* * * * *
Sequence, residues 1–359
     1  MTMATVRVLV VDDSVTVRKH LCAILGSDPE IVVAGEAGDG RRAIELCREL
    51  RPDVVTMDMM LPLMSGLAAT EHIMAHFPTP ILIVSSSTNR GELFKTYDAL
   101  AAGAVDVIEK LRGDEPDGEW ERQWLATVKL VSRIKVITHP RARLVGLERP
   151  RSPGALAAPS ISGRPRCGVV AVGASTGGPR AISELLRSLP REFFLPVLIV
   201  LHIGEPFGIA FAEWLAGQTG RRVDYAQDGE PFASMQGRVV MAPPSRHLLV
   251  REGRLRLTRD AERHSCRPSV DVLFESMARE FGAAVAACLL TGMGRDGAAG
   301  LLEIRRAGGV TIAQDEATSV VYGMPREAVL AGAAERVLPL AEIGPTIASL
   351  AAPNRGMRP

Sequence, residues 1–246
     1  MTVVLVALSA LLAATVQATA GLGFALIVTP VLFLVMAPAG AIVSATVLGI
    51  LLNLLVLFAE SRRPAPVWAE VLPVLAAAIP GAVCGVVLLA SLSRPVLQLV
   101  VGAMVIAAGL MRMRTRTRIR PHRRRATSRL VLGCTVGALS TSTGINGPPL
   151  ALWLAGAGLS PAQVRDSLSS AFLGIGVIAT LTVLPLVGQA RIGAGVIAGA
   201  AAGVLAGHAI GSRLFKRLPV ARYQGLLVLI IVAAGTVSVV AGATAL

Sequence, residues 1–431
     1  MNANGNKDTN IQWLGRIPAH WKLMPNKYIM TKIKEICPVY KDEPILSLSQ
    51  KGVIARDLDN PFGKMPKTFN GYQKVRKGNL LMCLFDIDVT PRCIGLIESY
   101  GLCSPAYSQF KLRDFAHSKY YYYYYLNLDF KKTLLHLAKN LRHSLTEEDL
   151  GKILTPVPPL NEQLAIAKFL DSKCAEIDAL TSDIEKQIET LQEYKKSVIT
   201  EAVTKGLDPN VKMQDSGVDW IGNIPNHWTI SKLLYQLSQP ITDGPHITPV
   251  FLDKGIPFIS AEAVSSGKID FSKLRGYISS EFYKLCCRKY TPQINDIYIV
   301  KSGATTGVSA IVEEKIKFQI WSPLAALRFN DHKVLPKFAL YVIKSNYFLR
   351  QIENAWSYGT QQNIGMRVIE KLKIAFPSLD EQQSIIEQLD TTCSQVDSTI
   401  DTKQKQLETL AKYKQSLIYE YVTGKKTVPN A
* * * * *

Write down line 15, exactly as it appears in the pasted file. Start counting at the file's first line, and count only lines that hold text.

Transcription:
   201  AAGVLAGHAI GSRLFKRLPV ARYQGLLVLI IVAAGTVSVV AGATAL